My mom turned me on to this book and laughed at how true to life some parts of the book were portrayed. Working at WIPP left her a bit…scarred…so it was good for her to see it in print. Validating, you know? For me, it was a fascinating read and name checked a lot of places I know from living in Carlsbad, including some truly dive bars (including the one frequented by miners, ranchers, roughnecks and college kids. They stopped serving beer in bottles because there had been too many fights. But on a good night, the dancing was unbeatable).

5) Anything for Billy by Larry McMurtry

Ok, not technically a New Mexico book but about a New Mexico legend (Feh to the Texas town that claims ownership. FEH! I say!) and certainly New Mexico figures into the story. I am a massive fan of McMurtry and this is my favorite of all his books. He portrays Billy as a young, impulsive, spoiled, petulant brat. It’s fabulous. To me it was a fresh look at an old legend and to do that takes a talent that Mr. McMurtry has in spades.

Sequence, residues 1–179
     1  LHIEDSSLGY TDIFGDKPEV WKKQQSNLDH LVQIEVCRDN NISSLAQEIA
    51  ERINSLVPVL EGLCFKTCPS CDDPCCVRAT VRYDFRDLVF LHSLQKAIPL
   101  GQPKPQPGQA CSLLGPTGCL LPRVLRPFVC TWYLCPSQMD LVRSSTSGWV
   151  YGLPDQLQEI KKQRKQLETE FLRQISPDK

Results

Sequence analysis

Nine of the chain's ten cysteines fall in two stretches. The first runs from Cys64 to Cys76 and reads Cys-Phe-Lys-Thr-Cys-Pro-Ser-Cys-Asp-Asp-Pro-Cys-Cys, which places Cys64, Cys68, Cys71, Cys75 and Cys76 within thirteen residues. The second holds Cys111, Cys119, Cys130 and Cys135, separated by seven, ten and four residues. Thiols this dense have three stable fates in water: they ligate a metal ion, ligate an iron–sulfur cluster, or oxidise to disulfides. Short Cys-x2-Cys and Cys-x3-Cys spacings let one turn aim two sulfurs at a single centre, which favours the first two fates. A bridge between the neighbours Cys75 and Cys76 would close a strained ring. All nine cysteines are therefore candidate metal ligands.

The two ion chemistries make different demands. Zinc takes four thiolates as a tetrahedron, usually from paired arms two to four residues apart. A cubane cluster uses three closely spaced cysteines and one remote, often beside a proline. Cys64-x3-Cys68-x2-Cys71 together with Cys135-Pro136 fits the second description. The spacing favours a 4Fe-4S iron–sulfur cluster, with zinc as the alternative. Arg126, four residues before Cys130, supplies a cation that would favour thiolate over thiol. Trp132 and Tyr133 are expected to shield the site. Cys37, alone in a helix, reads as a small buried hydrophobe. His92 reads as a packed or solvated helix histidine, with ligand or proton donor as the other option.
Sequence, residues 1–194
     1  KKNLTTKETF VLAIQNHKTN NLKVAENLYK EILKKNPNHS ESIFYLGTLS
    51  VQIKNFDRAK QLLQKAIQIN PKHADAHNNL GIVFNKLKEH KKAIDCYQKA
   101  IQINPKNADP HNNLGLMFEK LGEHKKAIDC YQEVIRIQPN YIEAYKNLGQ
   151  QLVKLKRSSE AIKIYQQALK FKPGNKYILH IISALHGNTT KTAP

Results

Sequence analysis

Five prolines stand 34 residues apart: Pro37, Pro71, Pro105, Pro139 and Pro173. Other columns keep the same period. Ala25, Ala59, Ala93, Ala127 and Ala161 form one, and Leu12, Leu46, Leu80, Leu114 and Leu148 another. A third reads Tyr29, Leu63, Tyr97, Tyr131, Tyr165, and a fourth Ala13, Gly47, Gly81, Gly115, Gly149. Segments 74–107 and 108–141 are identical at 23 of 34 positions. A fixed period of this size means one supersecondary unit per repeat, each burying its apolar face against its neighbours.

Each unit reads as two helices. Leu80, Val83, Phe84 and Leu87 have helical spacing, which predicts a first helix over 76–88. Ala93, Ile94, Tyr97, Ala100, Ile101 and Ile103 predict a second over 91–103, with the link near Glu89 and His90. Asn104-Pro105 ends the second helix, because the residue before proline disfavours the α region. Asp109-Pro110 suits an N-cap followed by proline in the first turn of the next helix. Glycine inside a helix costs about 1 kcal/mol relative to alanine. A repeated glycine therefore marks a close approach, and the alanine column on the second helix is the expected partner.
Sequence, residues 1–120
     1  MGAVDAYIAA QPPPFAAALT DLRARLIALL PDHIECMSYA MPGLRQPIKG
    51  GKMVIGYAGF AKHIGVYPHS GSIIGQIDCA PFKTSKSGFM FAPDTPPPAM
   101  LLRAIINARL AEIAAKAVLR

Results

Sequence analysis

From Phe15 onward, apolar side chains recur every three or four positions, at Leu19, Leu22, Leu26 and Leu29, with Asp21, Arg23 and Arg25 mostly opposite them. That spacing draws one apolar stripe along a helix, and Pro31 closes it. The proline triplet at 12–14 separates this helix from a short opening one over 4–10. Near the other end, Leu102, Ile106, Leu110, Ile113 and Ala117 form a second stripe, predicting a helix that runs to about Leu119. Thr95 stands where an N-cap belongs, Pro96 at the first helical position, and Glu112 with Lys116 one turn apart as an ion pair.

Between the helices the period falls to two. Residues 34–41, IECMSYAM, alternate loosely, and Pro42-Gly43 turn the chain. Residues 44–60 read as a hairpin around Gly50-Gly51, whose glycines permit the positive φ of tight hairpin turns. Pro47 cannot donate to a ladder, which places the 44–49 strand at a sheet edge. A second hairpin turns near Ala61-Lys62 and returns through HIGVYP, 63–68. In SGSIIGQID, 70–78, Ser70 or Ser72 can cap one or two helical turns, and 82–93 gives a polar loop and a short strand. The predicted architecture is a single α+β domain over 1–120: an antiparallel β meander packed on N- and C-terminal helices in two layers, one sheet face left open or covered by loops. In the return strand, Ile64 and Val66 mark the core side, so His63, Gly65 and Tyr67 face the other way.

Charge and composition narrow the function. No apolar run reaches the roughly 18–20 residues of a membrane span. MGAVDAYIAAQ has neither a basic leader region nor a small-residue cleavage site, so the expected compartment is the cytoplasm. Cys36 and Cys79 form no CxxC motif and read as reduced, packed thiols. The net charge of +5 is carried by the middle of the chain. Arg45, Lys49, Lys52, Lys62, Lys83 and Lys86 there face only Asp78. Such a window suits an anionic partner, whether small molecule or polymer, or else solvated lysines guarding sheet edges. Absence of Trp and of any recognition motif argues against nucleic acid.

You’ll note my list is strangely devoid of Hillerman books. I’m actually not a fan. My mom is an avid reader of his stuff. I am not. : shrug : I’ve got no issues with Hillerman, it’s just not my taste.

Lois Duncan is another author I’m proud to know is New Mexican. As a kid I avidly read all her stuff. Loved her writing and always got geeked out when we saw her at the Coronado Club at Kirtland Airforce Base. My mom would point her out to me. Her husband worked at Sandia Labs like my dad so she’d wait there (like we did) for her husband to get off work. Those were fun sunny summer days as a family. I tend to associate Duncan with that time in my life.

I know there are probably a bunch of good choices I’m missing, but for now, that’s my list. I reserve the right to add, delete and change the list as we go.






Ponder

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Sometimes I wonder how I manage to still be living in California.

Sometimes I wonder how I could ever live anywhere else.


Happy sunny New Years Eve from the coast at Half Moon Bay.



“Live in New York City once, but leave before it makes you hard. Live in Northern California once, but leave before it makes you soft.” – Mary Schmich



Image Copyright 2011, Karen Fayeth, and subject to the Creative Commons license found in the far right column of this page. Taken with an iPhone4s and the Camera+ app.